It was one of the more intricate christenings ever to take place on northern coastal waters.
Hanging from a crane and attached to a plastic rope was a wine bottle that wasn’t long for this world last Thursday afternoon at Butze Terminal.
The crane itself sat on the newest pride and joy of Broadwater Industries – the “Broadwater Driver” – the pile driving spud barge about to be christened.
The ‘Driver’ measures 130 feet long by 50 feet wide by 8.5 feet deep and on this day, sits just on the shores of Butze Terminal.
On the day of the christening, there was crab legs, refreshments and barbecue meat on hand at the terminal for anyone wishing to take a tour inside the monster that dominated the shoreline.
Those who did head inside were greeted by a narrow, slumping staircase that leads them down below deck. The first thing noticed wass the fresh paint smell, as the interior is decked out in clean, white paint, that will never look this immaculate again.
Navigating through the mix of tunnels and open-spaced rooms meant to hold any cargo from coal, grain, oil, chemicals, trash, gravel, sand, recyclables or other materials, one could see hydraulic pressure lines stretching along the walls and first aid kits and a small kitchen that occupies one room.
“We spent two years planning for this [barge],” exclaimed Broadwater president Doug Mackereth to a crowd of approximately 50 people when all the tours were completed and it was time to christen the vessel.
“Now it’s ready to work.”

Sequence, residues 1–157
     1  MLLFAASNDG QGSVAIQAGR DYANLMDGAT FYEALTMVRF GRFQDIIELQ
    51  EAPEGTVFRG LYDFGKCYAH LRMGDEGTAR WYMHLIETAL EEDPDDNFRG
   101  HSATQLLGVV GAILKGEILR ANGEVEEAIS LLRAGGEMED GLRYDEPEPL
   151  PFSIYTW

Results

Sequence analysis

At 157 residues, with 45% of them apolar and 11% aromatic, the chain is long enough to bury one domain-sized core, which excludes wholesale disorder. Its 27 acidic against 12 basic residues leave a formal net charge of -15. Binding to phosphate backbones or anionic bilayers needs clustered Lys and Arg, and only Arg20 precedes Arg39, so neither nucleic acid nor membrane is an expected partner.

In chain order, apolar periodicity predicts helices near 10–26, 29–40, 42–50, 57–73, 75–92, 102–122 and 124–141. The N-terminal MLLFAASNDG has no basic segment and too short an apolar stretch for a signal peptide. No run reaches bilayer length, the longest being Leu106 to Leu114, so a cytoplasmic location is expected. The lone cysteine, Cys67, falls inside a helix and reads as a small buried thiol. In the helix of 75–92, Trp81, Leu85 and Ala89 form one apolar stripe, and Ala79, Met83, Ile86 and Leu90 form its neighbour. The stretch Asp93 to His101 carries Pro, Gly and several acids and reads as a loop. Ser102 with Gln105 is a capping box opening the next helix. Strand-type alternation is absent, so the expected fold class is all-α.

The Manitowoc crawler crane atop of the barge inched forward, bringing the bottle of wine with it. Doug and Teresa Mackereth, standing atop a boat facing opposite the ‘Driver’, grab hold of the bottle. After one unsuccessful attempt that lands the wine in the ocean a second strong swing from the president hurled the christening bottle straight on top of the Broadwater Driver’s logo, splattering the foamy drink everywhere.
The ‘Driver’ is a pivotal piece of equipment that will boost the company’s marine construction division immensely, said Mackereth. It’s also the largest marine barge north of Vancouver.
“We’re getting prepared for hopefully all the good things that are going to happen here. There’s going to be a lot of marine work and we want to be part of it,” said the president.
Even before it was christened, the barge already had undertaken some work, setting 36-tonne anchors and placing the breakwater at the Cow Bay marina.
For now, the Broadwater Driver’s chambers are bare, but not for long.
“You’ll never see it like this again,” laughed Mackereth.